I tried a series of nerve stimulation procedures where a fine needle is inserted near a nerve just above the ankle and an electrode is placed on the foot. A mild electric current is passed through the needle to relax the nerves that control bladder function in the lower back.
I considered having an Interstim device implanted where a tiny electrode is placed near the nerve in your lower back, which is then attached to a pacemaker sending mild electrical pulses to the nerve that helps control erratic bladder function. I called people who had this device but, in the end, I decided against it.
I have been on a long list of medications over the years. Here are some of the medications I have taken: Elmiron (pentosan polysulfate sodium), Elavil (amitriptyline), Lioresal (baclofen), Neurontin (gabapentin), Ultram (tramadol), Pyridium (phenazopyridine), Uribel (methenamine), (diazepam) suppositories, etc.
I even had a doctor tell me that he thought that my bladder needed to be removed. He said he had other patients that had a bladder removal and had great results. The doctor said that he did not want me to be scared to do the drastic surgery and live a life in pain. I did not go forward with that surgery.
As you can see, I have been willing to try just about anything to help control my symptoms. I have learned a few things over the years. First, get a doctor that is interested in treating IC. Most urologists say they treat IC, but you should look for a doctor who has a special interest in this challenging disease. Also, find a doctor that becomes invested in you and your well-being.
The right doctor should be someone who is willing to listen and try new treatments or procedures. The doctor that is right for you should be interested in reading the latest research and studies relating to IC. Of course, always do your homework/research before agreeing to any procedure or medication protocol.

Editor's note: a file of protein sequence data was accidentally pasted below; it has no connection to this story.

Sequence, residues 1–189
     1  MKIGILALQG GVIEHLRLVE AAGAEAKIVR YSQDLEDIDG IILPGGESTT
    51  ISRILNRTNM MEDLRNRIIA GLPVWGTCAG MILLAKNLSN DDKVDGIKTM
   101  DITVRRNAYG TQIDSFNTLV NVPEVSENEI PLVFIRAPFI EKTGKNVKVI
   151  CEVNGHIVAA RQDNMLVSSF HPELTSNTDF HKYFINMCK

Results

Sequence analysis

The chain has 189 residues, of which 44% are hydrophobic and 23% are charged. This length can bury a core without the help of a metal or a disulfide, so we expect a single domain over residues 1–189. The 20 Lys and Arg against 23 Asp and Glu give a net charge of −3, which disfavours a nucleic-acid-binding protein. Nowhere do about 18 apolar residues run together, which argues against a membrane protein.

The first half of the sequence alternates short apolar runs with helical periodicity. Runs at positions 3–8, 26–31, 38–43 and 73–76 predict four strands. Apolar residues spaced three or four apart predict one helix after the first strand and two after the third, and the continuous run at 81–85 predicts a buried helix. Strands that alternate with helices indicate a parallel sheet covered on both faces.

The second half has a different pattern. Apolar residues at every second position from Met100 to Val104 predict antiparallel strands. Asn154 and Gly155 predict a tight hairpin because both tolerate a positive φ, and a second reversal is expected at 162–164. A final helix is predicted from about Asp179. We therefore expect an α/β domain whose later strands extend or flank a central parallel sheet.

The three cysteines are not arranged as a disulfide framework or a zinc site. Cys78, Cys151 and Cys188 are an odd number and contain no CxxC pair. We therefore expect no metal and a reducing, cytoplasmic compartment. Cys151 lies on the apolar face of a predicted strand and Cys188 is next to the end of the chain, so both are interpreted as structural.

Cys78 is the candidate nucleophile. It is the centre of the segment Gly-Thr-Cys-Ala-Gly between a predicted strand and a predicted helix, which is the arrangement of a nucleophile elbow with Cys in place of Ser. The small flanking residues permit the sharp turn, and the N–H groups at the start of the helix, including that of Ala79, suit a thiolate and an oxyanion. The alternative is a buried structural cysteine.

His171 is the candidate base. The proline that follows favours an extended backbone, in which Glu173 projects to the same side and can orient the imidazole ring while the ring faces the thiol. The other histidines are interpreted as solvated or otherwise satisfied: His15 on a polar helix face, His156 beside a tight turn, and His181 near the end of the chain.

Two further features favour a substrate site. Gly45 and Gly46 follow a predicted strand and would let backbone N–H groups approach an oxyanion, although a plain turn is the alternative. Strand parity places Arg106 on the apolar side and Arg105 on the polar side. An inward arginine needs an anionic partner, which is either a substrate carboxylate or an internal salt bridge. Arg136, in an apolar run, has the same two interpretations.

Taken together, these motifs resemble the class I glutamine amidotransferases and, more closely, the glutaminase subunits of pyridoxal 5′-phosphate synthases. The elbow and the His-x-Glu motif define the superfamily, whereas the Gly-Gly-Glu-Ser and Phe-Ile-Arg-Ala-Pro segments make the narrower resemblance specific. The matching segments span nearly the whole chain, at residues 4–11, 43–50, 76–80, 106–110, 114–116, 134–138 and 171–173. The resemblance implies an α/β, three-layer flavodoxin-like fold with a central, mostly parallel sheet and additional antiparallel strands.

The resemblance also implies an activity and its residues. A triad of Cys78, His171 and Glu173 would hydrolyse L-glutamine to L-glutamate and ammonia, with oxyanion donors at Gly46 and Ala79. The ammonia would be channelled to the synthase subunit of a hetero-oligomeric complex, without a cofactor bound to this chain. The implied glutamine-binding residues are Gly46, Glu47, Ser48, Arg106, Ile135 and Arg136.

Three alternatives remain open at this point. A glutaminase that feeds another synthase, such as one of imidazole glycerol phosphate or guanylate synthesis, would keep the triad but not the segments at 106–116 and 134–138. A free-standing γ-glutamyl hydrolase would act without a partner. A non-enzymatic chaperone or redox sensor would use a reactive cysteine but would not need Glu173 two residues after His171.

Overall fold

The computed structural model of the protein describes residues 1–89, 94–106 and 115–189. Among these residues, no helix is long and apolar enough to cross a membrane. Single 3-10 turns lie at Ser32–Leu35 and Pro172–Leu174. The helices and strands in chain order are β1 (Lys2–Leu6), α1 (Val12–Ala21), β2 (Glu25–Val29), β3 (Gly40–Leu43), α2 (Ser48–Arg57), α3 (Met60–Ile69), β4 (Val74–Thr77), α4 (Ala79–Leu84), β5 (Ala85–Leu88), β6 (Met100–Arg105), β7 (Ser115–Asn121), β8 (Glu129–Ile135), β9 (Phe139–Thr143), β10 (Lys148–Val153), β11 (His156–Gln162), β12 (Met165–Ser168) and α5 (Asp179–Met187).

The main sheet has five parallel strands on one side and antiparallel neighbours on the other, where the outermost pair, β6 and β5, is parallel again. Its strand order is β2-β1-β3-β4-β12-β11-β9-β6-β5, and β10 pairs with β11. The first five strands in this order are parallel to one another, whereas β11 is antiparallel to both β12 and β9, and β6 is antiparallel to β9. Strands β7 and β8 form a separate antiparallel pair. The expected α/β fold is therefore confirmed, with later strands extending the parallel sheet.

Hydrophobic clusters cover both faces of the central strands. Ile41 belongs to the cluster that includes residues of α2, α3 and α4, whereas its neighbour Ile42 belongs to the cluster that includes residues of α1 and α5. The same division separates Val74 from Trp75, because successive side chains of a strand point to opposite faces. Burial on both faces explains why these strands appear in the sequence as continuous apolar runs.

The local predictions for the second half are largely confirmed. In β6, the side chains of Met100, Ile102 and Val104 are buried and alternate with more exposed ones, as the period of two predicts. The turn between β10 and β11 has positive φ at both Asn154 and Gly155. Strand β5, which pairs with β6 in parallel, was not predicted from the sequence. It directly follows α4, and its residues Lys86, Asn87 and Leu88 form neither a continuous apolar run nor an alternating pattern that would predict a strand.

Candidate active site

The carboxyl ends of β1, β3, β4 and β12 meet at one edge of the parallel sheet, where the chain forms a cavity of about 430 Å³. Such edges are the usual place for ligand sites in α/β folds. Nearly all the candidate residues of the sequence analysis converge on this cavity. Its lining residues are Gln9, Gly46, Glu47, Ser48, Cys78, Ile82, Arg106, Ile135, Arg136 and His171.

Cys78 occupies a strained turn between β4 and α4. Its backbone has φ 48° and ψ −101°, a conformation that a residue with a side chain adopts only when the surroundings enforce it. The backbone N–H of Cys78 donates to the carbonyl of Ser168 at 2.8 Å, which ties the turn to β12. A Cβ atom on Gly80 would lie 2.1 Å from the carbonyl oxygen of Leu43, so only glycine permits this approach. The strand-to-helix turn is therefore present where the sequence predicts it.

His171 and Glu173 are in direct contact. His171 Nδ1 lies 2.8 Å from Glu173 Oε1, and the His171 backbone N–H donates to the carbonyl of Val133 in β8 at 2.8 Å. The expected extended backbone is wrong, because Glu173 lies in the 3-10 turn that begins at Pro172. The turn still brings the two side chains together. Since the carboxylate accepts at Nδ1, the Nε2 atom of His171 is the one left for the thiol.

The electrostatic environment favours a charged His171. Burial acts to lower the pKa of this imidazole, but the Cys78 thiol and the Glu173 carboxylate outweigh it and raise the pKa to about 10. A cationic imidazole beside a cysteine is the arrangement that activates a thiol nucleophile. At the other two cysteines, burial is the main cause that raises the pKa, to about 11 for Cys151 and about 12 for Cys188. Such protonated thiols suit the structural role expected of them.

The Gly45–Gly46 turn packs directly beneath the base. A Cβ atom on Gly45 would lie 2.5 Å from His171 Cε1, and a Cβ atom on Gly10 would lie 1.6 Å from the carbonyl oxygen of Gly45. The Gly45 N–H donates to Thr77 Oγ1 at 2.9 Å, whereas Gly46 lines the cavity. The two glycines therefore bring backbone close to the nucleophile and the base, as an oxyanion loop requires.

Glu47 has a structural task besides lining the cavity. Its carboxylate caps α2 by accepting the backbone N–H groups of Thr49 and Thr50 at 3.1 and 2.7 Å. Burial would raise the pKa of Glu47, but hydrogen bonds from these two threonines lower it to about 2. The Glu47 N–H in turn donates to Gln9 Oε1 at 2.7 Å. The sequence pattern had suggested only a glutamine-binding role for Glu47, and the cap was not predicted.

One of the most important tools you can have for dealing with IC is having a great support system. You need to be able to count on family, friends, blogs, clergy/congregations and IC support groups when you are having a bad day or week or month. Another suggestion is do not overlook naturopathic remedies and supplements. There are tons of articles on the Internet that highlight the benefits of supplements, minerals and vitamins. And lastly, watch what you eat. Some of the IC diets out there are so comprehensive you would not be able to eat much of anything. My advice to you is start a food diary. Write down what you eat in a day and put a comment of how your IC symptoms are that day. Find out exactly what foods bother your bladder. The general rule is to stay away from acidic foods.
And lastly, there are several studies being conducted on IC and how to treat the symptoms. I am hopeful that one day IC will be a thing of the past.
I hope this post was informative. Feel free to reach out to me.
My blog and contact information can be found at https://treatinginterstitialcystitis.com/.
Michelle, thank you for your efforts to raise awareness about Interstitial Cystitis. Also, thank you again for giving me this opportunity to share my story.